In order to avoid or manage symptoms, it is essential to create a sertraline withdrawal schedule.

What is a Sertraline Withdrawal Schedule?

Creating a sertraline withdrawal schedule is essentially the act of slowly tapering off your medication under a physician’s supervision. By creating a proper schedule with your doctor, you can avoid some of the worse symptoms while your body attempts to regulate your serotonin levels without the medication.

Some physicians prefer to switch their patients to a longer-acting SSRI before beginning a taper of the antidepressant dose. This is because sertraline has a short half-life, causing quick withdrawal. Many doctors switch patients to longer-acting SSRIs such as Prozac. This may help you avoid very intense withdrawal symptoms.

So how long does Zoloft withdrawal last? For most people, Zoloft withdrawal begins within three to four days of the last dose. This means you should create a sertraline withdrawal schedule that tapers your dosage over several weeks or months. New research suggests that a slower decrease over several months can be more effective.

Plan to decrease your dosage until your dose is nearly zero. This may mean that you will be switching to a liquid dose by the end of your schedule, or you may need to break pills into small pieces. Always make your plan in consultation with a physician.

Tips for Handling Your Sertraline Withdrawal Schedule

Work Closely with Your Mental Health Professional

Although you may be tempted to decrease or quit your medication as soon as you begin to feel better, this may set you up for a depressive relapse. Always plan to stay on a new medication for at least four to nine months unless your doctor instructs you otherwise. Especially if you have struggled with depression more than twice, you should stay on your medication for at least two years.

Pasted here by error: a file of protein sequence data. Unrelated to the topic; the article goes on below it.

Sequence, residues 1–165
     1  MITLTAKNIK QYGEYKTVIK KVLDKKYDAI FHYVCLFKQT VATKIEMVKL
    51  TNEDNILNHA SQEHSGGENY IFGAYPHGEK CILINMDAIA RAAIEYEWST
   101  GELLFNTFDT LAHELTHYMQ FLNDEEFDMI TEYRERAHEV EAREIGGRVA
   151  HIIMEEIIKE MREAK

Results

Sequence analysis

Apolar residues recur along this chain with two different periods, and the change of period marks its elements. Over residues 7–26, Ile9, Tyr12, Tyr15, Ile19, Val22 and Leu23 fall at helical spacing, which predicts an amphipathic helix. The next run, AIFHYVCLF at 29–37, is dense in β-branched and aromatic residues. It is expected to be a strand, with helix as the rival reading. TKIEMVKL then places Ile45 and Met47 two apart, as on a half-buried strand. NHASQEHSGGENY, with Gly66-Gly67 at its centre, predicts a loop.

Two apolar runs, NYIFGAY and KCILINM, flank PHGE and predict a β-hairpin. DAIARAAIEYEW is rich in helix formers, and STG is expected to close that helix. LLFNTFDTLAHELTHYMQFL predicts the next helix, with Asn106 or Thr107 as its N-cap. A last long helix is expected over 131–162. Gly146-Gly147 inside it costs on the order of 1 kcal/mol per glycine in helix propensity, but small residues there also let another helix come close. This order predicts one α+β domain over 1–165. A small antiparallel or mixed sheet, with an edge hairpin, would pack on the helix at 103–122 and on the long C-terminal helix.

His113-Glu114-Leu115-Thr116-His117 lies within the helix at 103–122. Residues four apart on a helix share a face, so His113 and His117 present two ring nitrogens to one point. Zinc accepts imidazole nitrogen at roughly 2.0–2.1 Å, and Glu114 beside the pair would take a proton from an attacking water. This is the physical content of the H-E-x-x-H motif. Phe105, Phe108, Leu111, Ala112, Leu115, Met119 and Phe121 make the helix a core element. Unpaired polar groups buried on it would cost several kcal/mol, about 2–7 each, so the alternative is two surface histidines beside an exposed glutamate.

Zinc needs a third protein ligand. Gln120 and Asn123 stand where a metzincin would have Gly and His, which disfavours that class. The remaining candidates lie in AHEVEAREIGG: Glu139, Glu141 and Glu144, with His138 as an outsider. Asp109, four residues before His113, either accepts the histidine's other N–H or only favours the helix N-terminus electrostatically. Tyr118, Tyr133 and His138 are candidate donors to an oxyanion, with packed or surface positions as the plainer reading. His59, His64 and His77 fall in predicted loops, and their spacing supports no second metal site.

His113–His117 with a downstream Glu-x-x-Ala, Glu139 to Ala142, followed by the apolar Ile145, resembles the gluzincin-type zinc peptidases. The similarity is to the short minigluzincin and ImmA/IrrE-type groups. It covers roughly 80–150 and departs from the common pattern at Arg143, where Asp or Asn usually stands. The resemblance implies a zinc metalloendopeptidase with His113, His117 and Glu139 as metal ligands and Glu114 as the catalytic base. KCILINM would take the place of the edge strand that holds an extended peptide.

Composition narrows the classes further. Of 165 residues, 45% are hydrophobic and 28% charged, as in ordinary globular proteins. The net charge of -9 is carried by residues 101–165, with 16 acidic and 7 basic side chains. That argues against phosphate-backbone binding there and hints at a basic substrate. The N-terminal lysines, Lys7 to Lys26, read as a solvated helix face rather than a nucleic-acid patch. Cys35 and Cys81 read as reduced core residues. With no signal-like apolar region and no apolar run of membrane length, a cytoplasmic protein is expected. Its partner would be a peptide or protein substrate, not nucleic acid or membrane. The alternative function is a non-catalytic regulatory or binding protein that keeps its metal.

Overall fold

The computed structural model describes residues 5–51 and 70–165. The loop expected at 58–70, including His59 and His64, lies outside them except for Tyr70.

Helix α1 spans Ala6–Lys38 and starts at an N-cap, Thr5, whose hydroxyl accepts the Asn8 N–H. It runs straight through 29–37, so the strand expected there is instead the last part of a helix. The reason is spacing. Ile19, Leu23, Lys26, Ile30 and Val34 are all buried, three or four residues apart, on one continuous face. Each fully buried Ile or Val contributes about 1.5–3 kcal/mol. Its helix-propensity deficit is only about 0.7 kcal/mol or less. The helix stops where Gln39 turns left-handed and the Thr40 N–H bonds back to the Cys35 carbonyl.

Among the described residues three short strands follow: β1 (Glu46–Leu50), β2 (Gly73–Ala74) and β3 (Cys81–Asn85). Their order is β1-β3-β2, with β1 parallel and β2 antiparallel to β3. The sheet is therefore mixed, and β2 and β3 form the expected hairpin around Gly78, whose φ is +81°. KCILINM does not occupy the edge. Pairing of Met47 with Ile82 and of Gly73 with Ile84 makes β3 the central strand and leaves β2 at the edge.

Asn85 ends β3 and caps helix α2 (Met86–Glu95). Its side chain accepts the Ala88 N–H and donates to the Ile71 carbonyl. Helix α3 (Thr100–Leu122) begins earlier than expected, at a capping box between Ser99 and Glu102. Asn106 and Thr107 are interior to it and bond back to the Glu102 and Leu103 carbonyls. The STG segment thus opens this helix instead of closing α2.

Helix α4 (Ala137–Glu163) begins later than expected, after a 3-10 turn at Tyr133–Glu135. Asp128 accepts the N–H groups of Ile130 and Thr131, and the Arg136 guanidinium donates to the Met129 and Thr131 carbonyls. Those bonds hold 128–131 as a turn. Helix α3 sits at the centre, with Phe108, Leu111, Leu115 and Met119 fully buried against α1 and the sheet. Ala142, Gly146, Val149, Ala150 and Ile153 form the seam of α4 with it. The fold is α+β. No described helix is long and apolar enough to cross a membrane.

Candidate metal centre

Follow Your Sertraline Withdrawal Schedule

Make sure you decrease your medication slowly, and according to your schedule you developed with your physician. This will help you to avoid severe symptoms. Although it might feel annoying, it is crucial to give your brain enough time to adjust.

Get Support

You deserve and need to speak with a mental health professional. He or she will help you manage any withdrawal symptoms. Having more than one person to speak with can be very helpful. This can also mean involving a friend or a family member.

Stay Healthy

Make sure to get at least 45 minutes of exercise three times per week. Sleep is also important. Try to go to sleep at the same time every night and wake up at the same time each morning. This will help you to keep on a schedule.

Also, plan to eat healthy meals and drink lots of water. Try to stay away from alcohol, coffee, and other beverages with caffeine as they can increase anxiety.

Psychotherapy and Sertraline Withdrawal Schedule

Psychotherapy can improve your mood, reduce anxiety, and help you better cope with any possible symptoms while on a sertraline withdrawal schedule. Specifically, Cognitive-Behavioral Therapy (CBT) may help manage symptoms of depression. This form of therapy will help you identify and modify negative thought patterns before they turn into more intense depressive episodes. Studies have also shown that psychotherapy helps decrease the likelihood of relapse and future needs to go back on medication.

Treatment at Resurgence

If you are considering beginning a sertraline withdrawal schedule, or are looking to discuss stopping the use of Zoloft in your daily life, contact us at Resurgence Behavioral Health. We will help you create a sertraline withdrawal schedule and healthily decrease your medication to reduce the risk of intense withdrawal symptoms and depression.